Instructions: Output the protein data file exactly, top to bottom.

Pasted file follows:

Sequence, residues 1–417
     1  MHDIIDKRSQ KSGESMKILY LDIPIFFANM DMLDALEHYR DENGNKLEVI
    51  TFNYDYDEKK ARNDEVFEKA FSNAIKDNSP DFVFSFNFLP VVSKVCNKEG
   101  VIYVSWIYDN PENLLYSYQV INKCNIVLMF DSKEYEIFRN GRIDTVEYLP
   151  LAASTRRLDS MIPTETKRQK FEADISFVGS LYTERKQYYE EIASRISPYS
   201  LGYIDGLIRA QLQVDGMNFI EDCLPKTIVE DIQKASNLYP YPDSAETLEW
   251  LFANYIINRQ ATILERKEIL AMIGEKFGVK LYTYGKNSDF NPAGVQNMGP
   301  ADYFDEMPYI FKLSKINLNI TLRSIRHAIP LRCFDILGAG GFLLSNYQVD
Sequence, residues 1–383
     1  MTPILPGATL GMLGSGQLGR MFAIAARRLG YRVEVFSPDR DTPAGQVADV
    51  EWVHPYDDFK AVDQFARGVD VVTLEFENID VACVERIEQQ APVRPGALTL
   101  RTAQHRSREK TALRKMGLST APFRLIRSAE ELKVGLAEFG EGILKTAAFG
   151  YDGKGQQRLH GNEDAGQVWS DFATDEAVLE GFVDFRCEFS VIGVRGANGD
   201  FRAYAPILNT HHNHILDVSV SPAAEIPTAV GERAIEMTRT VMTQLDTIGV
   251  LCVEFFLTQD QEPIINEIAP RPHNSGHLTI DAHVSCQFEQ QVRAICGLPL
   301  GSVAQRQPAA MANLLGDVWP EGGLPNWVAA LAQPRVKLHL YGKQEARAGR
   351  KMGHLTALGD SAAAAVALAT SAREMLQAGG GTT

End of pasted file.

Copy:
Sequence, residues 1–417
     1  MHDIIDKRSQ KSGESMKILY LDIPIFFANM DMLDALEHYR DENGNKLEVI
    51  TFNYDYDEKK ARNDEVFEKA FSNAIKDNSP DFVFSFNFLP VVSKVCNKEG
   101  VIYVSWIYDN PENLLYSYQV INKCNIVLMF DSKEYEIFRN GRIDTVEYLP
   151  LAASTRRLDS MIPTETKRQK FEADISFVGS LYTERKQYYE EIASRISPYS
   201  LGYIDGLIRA QLQVDGMNFI EDCLPKTIVE DIQKASNLYP YPDSAETLEW
   251  LFANYIINRQ ATILERKEIL AMIGEKFGVK LYTYGKNSDF NPAGVQNMGP
   301  ADYFDEMPYI FKLSKINLNI TLRSIRHAIP LRCFDILGAG GFLLSNYQVD
Sequence, residues 1–383
     1  MTPILPGATL GMLGSGQLGR MFAIAARRLG YRVEVFSPDR DTPAGQVADV
    51  EWVHPYDDFK AVDQFARGVD VVTLEFENID VACVERIEQQ APVRPGALTL
   101  RTAQHRSREK TALRKMGLST APFRLIRSAE ELKVGLAEFG EGILKTAAFG
   151  YDGKGQQRLH GNEDAGQVWS DFATDEAVLE GFVDFRCEFS VIGVRGANGD
   201  FRAYAPILNT HHNHILDVSV SPAAEIPTAV GERAIEMTRT VMTQLDTIGV
   251  LCVEFFLTQD QEPIINEIAP RPHNSGHLTI DAHVSCQFEQ QVRAICGLPL
   301  GSVAQRQPAA MANLLGDVWP EGGLPNWVAA LAQPRVKLHL YGKQEARAGR
   351  KMGHLTALGD SAAAAVALAT SAREMLQAGG GTT